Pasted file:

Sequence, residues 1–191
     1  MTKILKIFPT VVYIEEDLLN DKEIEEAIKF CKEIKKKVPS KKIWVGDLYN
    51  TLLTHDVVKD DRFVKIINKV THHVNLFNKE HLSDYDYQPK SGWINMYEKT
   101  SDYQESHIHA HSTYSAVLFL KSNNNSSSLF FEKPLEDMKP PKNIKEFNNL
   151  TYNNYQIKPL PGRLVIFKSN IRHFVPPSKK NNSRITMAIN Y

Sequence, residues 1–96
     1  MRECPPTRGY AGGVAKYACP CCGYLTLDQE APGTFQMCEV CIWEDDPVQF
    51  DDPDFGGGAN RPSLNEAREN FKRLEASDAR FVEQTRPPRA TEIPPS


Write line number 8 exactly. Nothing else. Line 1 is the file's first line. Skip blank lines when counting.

    51  DDPDFGGGAN RPSLNEAREN FKRLEASDAR FVEQTRPPRA TEIPPS